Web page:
GUEST OPINION: Testing reflects school performance

By: Luke Ragland
April 11, 2016 Updated: April 11, 2016 at 4:16 am
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A recent guest column, "We should reward best teachers in Colorado," by Sen. Owen Hill and Tyler Lawrence briefly touched on the importance of the website ColoradoSchool Grades.com and why millions of Coloradans - 1.3 million in fact - have used it. As a representative of Colorado School Grades, I'd like to thank Sen. Hill and Mr. Lawrence for highlighting how this tool uses student test scores to help parents make informed decisions about their child's education. With state testing happening this spring in local schools, I think that a longer explanation for parents is necessary.

Since Colorado Succeeds and 17 community partners launched the Colorado School Grades website in 2010, we've provided millions of parents across the state with valuable, easy-to-understand school performance information. This nationally acclaimed platform's letter-grade ratings are straightforward, comprehensive, and accessible.

This year, changes in Colorado's state test meant that the data we use to calculate the school grades wasn't available, and so we weren't able to update those school grades for 2015, as we explained on our website.

Fortunately, after this spring's test results come back, the Colorado Department of Education will again have two years' worth of data, allowing us to update Colorado School Grades ratings for every public school in the state. We are excited to provide parents with the information they need to make school choice decisions for their children.

But for the ratings to be accurate and representative of the state's schools, and therefore meaningful to the millions of parents who use this tool, we need to make sure students participate in the CMAS/PARCC exams this spring.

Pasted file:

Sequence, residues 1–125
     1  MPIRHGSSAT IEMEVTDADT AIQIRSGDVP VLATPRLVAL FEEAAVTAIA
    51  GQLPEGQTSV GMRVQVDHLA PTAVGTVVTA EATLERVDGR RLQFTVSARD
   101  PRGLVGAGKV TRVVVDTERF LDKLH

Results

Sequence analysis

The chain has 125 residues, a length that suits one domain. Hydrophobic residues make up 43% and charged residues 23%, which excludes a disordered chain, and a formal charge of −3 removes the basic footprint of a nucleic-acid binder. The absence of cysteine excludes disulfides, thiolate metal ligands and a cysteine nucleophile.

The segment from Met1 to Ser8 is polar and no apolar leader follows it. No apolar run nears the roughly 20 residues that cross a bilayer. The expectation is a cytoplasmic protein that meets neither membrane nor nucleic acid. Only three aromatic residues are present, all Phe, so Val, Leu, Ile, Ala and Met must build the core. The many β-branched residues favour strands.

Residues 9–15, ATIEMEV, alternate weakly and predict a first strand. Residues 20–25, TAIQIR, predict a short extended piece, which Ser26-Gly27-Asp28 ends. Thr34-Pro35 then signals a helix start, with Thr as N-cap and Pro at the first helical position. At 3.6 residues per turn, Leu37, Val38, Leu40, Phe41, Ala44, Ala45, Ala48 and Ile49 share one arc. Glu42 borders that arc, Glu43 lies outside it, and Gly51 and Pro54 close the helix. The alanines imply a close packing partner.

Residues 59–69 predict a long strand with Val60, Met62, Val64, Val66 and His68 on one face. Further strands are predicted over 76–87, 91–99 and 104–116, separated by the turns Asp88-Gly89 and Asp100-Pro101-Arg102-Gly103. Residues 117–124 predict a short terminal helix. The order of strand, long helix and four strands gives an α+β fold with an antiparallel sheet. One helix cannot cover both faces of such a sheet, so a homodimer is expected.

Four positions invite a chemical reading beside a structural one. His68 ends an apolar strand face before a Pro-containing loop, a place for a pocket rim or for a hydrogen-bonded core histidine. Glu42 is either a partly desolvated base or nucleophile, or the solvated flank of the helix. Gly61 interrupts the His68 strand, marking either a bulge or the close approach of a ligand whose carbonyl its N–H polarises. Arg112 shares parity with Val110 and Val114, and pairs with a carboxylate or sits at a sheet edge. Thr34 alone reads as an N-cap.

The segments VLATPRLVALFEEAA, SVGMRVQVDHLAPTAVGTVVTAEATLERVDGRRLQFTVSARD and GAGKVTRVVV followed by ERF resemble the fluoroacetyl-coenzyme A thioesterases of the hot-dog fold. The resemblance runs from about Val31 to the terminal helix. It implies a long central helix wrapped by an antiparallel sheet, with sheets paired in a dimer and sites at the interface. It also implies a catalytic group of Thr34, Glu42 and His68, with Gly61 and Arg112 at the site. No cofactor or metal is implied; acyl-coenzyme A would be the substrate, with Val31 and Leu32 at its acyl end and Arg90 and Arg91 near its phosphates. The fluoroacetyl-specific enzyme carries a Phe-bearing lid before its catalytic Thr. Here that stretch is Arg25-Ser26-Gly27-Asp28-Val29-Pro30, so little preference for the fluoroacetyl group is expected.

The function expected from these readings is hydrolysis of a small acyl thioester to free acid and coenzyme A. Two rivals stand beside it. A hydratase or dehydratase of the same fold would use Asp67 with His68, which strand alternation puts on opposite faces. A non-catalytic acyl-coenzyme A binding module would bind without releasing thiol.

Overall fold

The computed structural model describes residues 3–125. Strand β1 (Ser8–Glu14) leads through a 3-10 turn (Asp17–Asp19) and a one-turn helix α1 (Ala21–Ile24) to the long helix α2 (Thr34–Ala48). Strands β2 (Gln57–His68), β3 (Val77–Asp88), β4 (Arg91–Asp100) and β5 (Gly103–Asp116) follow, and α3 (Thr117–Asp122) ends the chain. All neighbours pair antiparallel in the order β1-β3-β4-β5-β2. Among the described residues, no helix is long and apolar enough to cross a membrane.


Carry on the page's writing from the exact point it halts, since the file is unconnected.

A movement to opt children out of standardized tests has gained momentum over the past couple of years, in Colorado Springs and across the nation.

Parents, as well as political advocates on the left and right, grew understandably frustrated with the increasing amount of time schools devoted to testing over the past several years.

Policymakers and state officials listened, and during the 2015 legislative session, Colorado passed legislation to dramatically reduce the number of tests and amount of time students spend on testing. In fact, Colorado scaled back testing more than almost any other state in the country.

That's not to say the amount of testing is now trivial. It isn't. But it's important to remember that we need to measure the progress our children are making, and by extension, the work schools are doing to help students reach their full potential.

Comprehensive state tests measure how students, schools, and districts are performing relative to their peers, which provides invaluable peace of mind to parents that their kids are on track and that their local school is serving their kids well.

To continuously improve, policymakers and school leaders need to be able to examine school performance information in detail, carefully considering whether our tax dollars are yielding the greatest return on investment. Are low-income students making gains comparable to their more affluent peers? Are English learners making steps toward proficiency in their native language and in English? Are our brightest kids being challenged?

There's no more reliable way to answer these questions than data from high-quality assessments. Finding just the right amount of testing is tricky, but Colorado has attempted to hit that sweet spot with this year's changes, which have been lauded by this paper's editorial board.

Our education system should provide students with the academic skills and knowledge they need to become happy, contributing members of society. Measuring their learning without overtesting them is what Colorado is trying to accomplish. And with these changes, the state has gotten it right.

So have your kids take the tests this year. The higher the percentage of students who participate in the tests, the more the resulting information will accurately reflect what is happening in our schools.

In return, we pledge to continue providing parents with letter-grade report cards on Colorado's public schools that are user-friendly, comprehensive, and accurate.

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Luke Ragland is the vice president of policy for Colorado Succeeds.

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